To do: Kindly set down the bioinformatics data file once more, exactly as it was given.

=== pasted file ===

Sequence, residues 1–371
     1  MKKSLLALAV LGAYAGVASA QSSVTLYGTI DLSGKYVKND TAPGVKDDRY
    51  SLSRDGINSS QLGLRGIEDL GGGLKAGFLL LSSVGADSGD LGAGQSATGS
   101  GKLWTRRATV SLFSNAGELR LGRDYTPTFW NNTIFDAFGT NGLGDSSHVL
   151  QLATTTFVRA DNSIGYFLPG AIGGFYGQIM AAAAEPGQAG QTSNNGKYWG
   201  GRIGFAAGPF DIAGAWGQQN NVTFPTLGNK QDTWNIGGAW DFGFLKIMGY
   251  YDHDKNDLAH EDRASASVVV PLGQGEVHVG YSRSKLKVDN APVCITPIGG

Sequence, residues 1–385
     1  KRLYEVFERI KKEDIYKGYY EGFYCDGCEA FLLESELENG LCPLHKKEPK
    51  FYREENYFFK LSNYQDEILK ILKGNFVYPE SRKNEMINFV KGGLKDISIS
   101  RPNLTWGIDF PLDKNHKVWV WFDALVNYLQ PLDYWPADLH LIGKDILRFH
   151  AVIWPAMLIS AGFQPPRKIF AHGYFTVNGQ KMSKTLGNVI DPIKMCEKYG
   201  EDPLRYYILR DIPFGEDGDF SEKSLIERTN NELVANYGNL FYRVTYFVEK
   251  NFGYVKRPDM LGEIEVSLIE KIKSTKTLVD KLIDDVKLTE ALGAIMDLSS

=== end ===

Sequence, residues 1–371
     1  MKKSLLALAV LGAYAGVASA QSSVTLYGTI DLSGKYVKND TAPGVKDDRY
    51  SLSRDGINSS QLGLRGIEDL GGGLKAGFLL LSSVGADSGD LGAGQSATGS
   101  GKLWTRRATV SLFSNAGELR LGRDYTPTFW NNTIFDAFGT NGLGDSSHVL
   151  QLATTTFVRA DNSIGYFLPG AIGGFYGQIM AAAAEPGQAG QTSNNGKYWG
   201  GRIGFAAGPF DIAGAWGQQN NVTFPTLGNK QDTWNIGGAW DFGFLKIMGY
   251  YDHDKNDLAH EDRASASVVV PLGQGEVHVG YSRSKLKVDN APVCITPIGG

Sequence, residues 1–385
     1  KRLYEVFERI KKEDIYKGYY EGFYCDGCEA FLLESELENG LCPLHKKEPK
    51  FYREENYFFK LSNYQDEILK ILKGNFVYPE SRKNEMINFV KGGLKDISIS
   101  RPNLTWGIDF PLDKNHKVWV WFDALVNYLQ PLDYWPADLH LIGKDILRFH
   151  AVIWPAMLIS AGFQPPRKIF AHGYFTVNGQ KMSKTLGNVI DPIKMCEKYG
   201  EDPLRYYILR DIPFGEDGDF SEKSLIERTN NELVANYGNL FYRVTYFVEK
   251  NFGYVKRPDM LGEIEVSLIE KIKSTKTLVD KLIDDVKLTE ALGAIMDLSS